A structured routine is a cornerstone of effective skill development. Set a fixed schedule for dressing, such as in the morning and before bedtime. Consistency helps your child become familiar with the process, thus making it easier to remember each step.
Choose appropriate clothing
Start with clothing that is easy to manage. Pants with elastic waistbands and shirts with loose-fitting garments are great choices for beginners. Gradually introduce more complex clothing items as your child’s skills progress. For example, when picking out clothes for the day, opt for clothing with an elastic waistband and a t-shirt with no buttons. This allows your child to practice pulling up their pants independently and easily sliding the t-shirt over their head. When your child has mastered these skills, you could increase the difficulty by allowing them to wear appropriate size shirt and shirt with buttons.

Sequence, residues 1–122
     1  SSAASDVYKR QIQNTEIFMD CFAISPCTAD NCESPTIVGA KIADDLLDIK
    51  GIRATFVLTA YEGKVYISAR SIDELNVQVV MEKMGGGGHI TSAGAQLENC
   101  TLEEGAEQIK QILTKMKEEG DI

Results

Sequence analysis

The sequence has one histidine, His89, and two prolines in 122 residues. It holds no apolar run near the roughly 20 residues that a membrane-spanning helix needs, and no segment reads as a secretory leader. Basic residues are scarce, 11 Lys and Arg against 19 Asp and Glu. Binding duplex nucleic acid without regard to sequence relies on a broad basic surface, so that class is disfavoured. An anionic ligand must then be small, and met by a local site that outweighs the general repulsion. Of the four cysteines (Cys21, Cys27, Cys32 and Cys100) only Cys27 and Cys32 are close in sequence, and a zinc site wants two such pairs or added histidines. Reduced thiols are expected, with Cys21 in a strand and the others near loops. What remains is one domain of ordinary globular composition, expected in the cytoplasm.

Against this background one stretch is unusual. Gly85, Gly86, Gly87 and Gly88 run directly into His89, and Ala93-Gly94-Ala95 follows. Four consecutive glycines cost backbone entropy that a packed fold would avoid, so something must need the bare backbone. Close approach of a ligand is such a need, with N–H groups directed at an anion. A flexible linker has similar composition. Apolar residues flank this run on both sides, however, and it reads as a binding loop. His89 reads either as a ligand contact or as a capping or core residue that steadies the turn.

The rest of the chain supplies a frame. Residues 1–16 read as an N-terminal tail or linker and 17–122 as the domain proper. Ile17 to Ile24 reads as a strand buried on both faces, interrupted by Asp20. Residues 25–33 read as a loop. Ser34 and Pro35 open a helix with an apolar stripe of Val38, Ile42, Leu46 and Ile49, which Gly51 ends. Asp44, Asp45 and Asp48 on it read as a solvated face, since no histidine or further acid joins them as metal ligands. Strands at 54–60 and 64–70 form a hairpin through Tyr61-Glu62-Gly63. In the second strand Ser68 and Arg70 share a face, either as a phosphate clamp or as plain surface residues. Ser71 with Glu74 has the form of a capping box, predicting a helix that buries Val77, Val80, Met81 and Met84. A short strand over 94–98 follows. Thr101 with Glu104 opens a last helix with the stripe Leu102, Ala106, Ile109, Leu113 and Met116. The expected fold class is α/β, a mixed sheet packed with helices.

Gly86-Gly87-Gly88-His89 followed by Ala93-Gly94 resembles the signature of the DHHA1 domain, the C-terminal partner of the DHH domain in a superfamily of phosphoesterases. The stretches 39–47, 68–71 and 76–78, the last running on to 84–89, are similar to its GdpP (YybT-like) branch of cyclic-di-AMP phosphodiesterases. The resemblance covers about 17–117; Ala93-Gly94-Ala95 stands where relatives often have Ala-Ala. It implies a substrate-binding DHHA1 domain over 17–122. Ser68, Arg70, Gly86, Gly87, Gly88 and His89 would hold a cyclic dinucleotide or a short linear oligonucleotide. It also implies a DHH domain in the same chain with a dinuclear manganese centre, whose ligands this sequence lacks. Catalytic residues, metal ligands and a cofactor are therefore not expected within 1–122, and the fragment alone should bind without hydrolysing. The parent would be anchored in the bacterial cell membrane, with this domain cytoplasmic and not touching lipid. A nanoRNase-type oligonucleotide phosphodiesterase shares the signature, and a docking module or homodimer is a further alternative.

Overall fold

Break down the process and steps
Breakdown the dressing process into manageable steps. Begin with underwear/diapers, then move on to pants, shirts, socks, and shoes. Encourage your child to complete each step before proceeding to the next, offering support and guidance when needed.
One effective method to practice dressing is called the backward chaining method. It is a teaching method that is often used to help children learn complex tasks by breaking the task down into multiple sub-steps and allowing your child to participate from the last step, then working their way backward. For instance, putting on a shirt requires the child to pull the shirt over the head, put their arms through the sleeves, and finally pull the shirt down. What parents could do is provide support for the first two steps and allow the child to practice the last step, which is to pull down the shirt. As the child gets more confident, parents could introduce more steps for the child to practice.
Visual cues can be invaluable. Create a visual schedule or a simple picture chart that illustrates the dressing sequence. For children struggling with buttoning and locating the armholes of the shirt, having a mirror would provide them with immediate visual feedback when they could see their actions and movements.